ARGUED MAY 11, 1970.
DECIDED JUNE 8, 1970. REHEARING DENIED JUNE 25, 1970.
Murder. Lowndes Superior Court. Before Judge Franklin.
E. G. Shaffer, for appellant.
George O. Horkan, Jr., District Attorney, Arthur K. Bolton, Attorney General, Harold N. Hill, Jr., Executive Assistant Attorney General, Marion O. Gordon, Assistant Attorney General, Wade V. Mallard, Jr., for appellee.
1. Appellant's trial was properly limited to the sole issue of punishment.
2. Denial of appellant's motion for mistrial based upon an alleged improper question was not error.
3. A police officer's testimony as to what the victim told him was admissible as part of the res gestae.
4. The giving in charge to the jury of Code Ann. § 26-1005, as to punishment for murder, was proper.
ARGUED MAY 11, 1970 — DECIDED JUNE 8, 1970 — REHEARING DENIED JUNE 25, 1970.
Joe Lingo, Jr., appeals to this court from a sentence of death. In a previous trial he had been convicted of murder and sentenced to death, and this court affirmed that conviction and sentence. Lingo v. State, 224 Ga. 333 ( 162 S.E.2d 1).
However, upon habeas corpus proceedings in the Superior Court of Tattnall County, that court found there had been improper exclusion of jurors opposed to capital punishment, and remanded the case to the Superior Court of Lowndes County, where he was originally tried, for further proceedings in accordance with Miller v. State, 224 Ga. 627 ( 163 S.E.2d 730).
In the Miller case, this court held that "Under the ruling in ... [Witherspoon v. Illinois, 391 U.S. 510 ( 88 S.C. 1770, 20 L.Ed.2d 776)] the sentence of death in the instant case is illegal ... the verdict and judgment of conviction for rape are affirmed. The sentence imposed on the verdict is reversed with direction that the trial court impanel a jury selected as in a capital case for the submission to it of the sole question: Should the defendant be recommended to mercy and sentenced according to Code Ann. § 26-1302 (Ga. L. 1960, p. 266)? In the selection of the jury for such trial, no member of the jury panel shall be excused for cause solely because of his being opposed to capital punishment. However, the State will have the right to challenge for cause any prospective juror who states that his reservations about capital punishment would prevent him from making an impartial decision as to a defendant's guilt of rape. Furthermore, the State is not prevented from asserting the right to exclude from the jury any juror who states that he could never vote to impose the death penalty or that he would refuse even to consider its imposition in the case before him." P. 636.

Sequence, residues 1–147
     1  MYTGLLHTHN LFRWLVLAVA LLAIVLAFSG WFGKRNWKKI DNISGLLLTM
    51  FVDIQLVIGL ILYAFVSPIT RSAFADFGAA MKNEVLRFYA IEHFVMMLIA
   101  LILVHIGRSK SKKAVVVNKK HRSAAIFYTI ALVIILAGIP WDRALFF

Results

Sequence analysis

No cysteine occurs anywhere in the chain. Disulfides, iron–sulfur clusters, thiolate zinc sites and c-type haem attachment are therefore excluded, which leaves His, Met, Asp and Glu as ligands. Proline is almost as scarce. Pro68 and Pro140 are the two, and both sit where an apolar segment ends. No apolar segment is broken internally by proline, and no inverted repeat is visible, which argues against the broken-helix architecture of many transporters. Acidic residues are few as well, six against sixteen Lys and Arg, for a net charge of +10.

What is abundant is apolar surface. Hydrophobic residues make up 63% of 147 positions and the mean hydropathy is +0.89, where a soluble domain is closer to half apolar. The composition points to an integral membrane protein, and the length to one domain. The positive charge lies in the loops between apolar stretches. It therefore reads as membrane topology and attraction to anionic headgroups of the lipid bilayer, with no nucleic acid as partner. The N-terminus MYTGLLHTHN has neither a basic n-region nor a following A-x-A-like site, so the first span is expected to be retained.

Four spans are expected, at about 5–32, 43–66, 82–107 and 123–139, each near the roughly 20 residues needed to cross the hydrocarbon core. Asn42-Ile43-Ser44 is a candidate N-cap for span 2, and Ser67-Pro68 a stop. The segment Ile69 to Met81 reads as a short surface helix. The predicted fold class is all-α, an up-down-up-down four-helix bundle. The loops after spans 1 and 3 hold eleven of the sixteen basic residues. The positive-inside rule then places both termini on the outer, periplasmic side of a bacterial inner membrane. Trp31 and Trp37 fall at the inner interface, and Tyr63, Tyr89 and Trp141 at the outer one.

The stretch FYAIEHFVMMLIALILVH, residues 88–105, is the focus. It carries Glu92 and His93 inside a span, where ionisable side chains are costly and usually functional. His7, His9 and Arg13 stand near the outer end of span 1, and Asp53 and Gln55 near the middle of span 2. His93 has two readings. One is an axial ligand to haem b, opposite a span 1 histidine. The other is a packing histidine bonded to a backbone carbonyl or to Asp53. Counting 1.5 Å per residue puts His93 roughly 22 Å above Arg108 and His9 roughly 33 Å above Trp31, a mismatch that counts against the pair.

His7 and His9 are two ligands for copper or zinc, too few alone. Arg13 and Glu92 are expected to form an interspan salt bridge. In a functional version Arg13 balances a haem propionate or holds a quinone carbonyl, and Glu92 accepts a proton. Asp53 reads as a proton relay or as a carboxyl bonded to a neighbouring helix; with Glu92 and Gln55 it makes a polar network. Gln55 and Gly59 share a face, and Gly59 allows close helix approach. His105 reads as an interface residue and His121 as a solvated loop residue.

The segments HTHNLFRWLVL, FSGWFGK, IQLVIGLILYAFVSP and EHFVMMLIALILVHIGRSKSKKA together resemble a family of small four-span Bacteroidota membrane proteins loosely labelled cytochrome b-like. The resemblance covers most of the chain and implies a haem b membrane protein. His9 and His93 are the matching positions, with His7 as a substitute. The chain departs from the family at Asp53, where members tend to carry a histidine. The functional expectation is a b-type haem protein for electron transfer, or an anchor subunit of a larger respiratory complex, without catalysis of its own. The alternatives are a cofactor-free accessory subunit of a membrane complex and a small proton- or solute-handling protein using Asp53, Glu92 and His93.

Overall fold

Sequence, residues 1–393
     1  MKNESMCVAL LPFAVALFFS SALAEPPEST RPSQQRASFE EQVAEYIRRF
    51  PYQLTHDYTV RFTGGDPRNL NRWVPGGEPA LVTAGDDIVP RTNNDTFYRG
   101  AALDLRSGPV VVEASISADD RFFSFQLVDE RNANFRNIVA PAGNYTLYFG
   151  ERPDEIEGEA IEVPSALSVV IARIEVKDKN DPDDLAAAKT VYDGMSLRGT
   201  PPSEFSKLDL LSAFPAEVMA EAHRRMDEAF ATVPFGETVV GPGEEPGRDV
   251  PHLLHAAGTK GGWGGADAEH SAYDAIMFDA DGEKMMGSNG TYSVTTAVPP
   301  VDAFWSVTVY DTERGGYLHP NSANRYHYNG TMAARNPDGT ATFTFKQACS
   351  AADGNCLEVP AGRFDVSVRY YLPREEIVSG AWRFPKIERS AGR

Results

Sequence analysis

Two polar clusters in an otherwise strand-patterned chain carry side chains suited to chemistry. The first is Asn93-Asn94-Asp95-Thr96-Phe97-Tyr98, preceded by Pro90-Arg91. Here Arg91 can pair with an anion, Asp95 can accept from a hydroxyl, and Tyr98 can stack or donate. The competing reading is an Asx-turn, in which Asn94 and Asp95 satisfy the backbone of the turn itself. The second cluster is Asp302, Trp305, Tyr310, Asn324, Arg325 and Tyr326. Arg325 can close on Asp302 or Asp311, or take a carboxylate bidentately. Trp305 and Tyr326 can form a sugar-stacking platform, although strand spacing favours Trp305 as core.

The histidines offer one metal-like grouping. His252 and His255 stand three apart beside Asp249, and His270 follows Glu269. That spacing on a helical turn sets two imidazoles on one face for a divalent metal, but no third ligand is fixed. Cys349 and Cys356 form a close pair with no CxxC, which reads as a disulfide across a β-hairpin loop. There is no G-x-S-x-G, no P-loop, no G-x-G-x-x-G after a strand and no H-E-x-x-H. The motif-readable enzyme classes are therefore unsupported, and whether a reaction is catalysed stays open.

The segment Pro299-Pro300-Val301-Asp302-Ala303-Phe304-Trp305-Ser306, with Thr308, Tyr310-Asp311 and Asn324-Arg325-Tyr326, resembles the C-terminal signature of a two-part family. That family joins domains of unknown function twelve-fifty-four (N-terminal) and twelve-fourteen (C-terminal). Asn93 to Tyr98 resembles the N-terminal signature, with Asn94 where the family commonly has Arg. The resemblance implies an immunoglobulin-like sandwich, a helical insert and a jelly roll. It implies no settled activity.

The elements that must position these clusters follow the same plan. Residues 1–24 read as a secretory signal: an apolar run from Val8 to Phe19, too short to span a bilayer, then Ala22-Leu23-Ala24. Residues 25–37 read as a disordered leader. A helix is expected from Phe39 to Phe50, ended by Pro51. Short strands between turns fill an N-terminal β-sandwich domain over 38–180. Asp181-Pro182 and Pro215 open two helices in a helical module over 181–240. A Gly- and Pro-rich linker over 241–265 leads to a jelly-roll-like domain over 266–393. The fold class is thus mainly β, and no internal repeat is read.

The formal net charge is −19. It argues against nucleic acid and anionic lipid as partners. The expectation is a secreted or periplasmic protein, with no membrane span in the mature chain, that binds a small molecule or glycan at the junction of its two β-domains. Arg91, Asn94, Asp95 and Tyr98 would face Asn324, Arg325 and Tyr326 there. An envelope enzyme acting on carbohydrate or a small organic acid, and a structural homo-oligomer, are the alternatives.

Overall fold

Upon the return of the case to the Superior Court of Lowndes County and before trial, the appellant filed "motions and objections," a motion to dismiss, and orally moved for jury trial on the issue of both guilt and punishment, rather than punishment only. These motions, all of which raised objections to trial on the limited issue of sentence, were denied.
Trial was had as to punishment only, and the jury did not recommend mercy. Whereupon, the trial judge imposed the sentence of death.
The appellant's motion for new trial, as amended, incorporated the previous motions and objections and the motion to dismiss, and also complained that the trial court erred in denying the oral motion to grant a jury trial on guilt as well as punishment. It urged that in granting a jury trial on the issue of punishment only the trial court denied the appellant due process of law and the right of counsel as guaranteed by the State and Federal Constitutions, in that there is no authorization for a jury trial on the limited issue of punishment only and no standards or rules prescribed for such a proceeding. The motion also complained of the failure to grant a mistrial for an alleged improper question and of the admission of certain evidence, which will be referred to later. This motion for new trial was denied.
Enumerated as error are the denial of the motion for new trial, denial of the motions and objections relating to trial on the issue of punishment only, denial of the motion for mistrial, admission of certain evidence, and a portion of the charge to the jury.